Rep. Kyle Andersen

Rep. Kyle Andersen, R-North Ogden, is pictured during a Utah House debate on Feb. 25, 2019.

OGDEN — As he prepares to leave office, there’s one thing that’s still on Utah Rep. Kyle Andersen‘s mind — a provision in state law that, to him, gives state officials license to lie with impunity.

“If they lie to the citizens and they know they are lying, there should be no immunity for that,” said Andersen, a Republican from North Ogden whose term in the District 7 Utah House seat is winding down.

He learned of the provision in Utah Code 63G-7-201 over the summer by happenstance, while studying another legislative issue. Broadly, the code, meant to be a guard against frivolous lawsuits, states that state government offices and employees may not be sued for negligence in a range of circumstances.

One provision, 4f, “stuck in my craw,” though, Andersen said, and he attempted, unsuccessfully, to get it changed. State offices and employees may not be sued for negligence, it reads, even if the issue stems from “a misrepresentation by an employee whether or not the misrepresentation is negligent or intentional.”

With transparency a big focus of debate as the government responds to the COVID-19 pandemic, among other things, that language needs to be tightened, Andersen thinks. To him, having the law on the books as is sends the wrong message to the public and, as he finishes his term as a House member, he hopes someone else will take up the cause. Andersen isn’t seeking reelection after just one term in the District 7 seat, which serves the northern Ogden, North Ogden and Pleasant View area.

The language “makes the government feel like it doesn’t matter what they say because of this law,” said Andersen, who discussed the issue in an interview at the Standard-Examiner offices. “At the same time, I think it creates a culture of mistrust because if the citizens know that (government officials) can’t be held accountable for not telling the truth, then they’re going to question everything that comes out of their mouths.”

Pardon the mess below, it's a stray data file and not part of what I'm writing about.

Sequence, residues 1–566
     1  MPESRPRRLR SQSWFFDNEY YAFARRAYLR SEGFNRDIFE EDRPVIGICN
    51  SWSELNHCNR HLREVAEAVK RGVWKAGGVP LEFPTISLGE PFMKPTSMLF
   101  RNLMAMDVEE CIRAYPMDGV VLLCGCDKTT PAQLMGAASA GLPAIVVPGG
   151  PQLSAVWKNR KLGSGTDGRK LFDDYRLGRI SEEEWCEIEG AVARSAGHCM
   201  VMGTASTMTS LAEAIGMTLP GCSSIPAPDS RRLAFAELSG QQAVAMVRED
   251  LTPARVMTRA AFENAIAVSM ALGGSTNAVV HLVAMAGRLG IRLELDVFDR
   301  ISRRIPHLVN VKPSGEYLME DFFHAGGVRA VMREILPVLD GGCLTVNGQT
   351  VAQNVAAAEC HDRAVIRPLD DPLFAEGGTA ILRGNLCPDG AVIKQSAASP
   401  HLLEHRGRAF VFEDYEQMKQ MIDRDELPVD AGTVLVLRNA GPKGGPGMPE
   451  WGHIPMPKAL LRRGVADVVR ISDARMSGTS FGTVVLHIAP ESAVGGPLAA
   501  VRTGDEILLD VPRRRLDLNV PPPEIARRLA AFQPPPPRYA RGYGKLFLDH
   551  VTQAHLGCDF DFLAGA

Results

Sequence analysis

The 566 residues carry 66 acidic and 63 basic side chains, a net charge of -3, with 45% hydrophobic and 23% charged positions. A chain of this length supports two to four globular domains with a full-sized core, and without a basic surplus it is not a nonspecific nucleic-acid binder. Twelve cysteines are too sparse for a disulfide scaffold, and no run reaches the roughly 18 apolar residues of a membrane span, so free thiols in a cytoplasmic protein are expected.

He had worked with Utah Division of Risk Management officials to tweak the language and the agency proposed its own milder changes in response to Andersen. But the sides couldn’t reach common ground and his efforts ultimately fizzled. Andersen had proposed language stating that employees and agencies would be immune from legal action “unless the misrepresentation is grossly negligent or intentional.”

Reps from the agency didn’t immediately respond to Standard-Examiner queries seeking comment. But in an emailed response in August to Andersen, Brian Nelson, director of the Division of Risk Management, warned of potential costs stemming from the proposed change to deal with resulting legal claims, whether founded or not.

“In short, we are universally uncomfortable with the idea of creating vicarious liability for governmental entities if and when an employee is alleged to have made a misrepresentation,” Nelson wrote. He worried about a jump in legal costs for the state “because all public entities will be compelled to incur defense costs to address allegations that may or may not be imputed to public entity employers.”

At the same time, a rep from a Utah nonprofit group formed with the mission of holding public officials accountable, the Alliance for a Better Utah, doesn’t seem overly concerned.

“While this does seem like a ripe moment to reexamine our overall relationship with qualified immunity, this seems like a pretty minor change in terms of impact,” said Lauren Simpson, policy director for the group. “I can’t think of any instances where this sort of a change would have made a difference. And I’m not under the impression that government employees frequently misrepresent things that lead to someone getting injured.”

Andersen can’t point to an actual situation when the law, reworked as he proposed, would have potentially been triggered. But he feels strongly on the issue and says other Utah lawmakers agreed with him, though the support, combined with the inherent challenges of passing legislation during summertime special sessions, wasn’t enough to force change.

“I just think we ought to rely on our government to tell us the truth,” Andersen said. And if he can’t push change through, he went on, he wants the public to be aware “so maybe we can do something about changing it.”

Republican Ryan Wilcox and Democrat Grant Protzman are vying for the District 7 seat in voting that culminates with Election Day on Nov. 3. Andersen isn’t running again, in part, to deal with the aftermath of a scam, unrelated to his duties as lawmaker, that resulted in the loss of a sizable portion of his family’s savings.

Contact reporter Tim Vandenack at, follow him on Twitter at @timvandenack or like him on Facebook at

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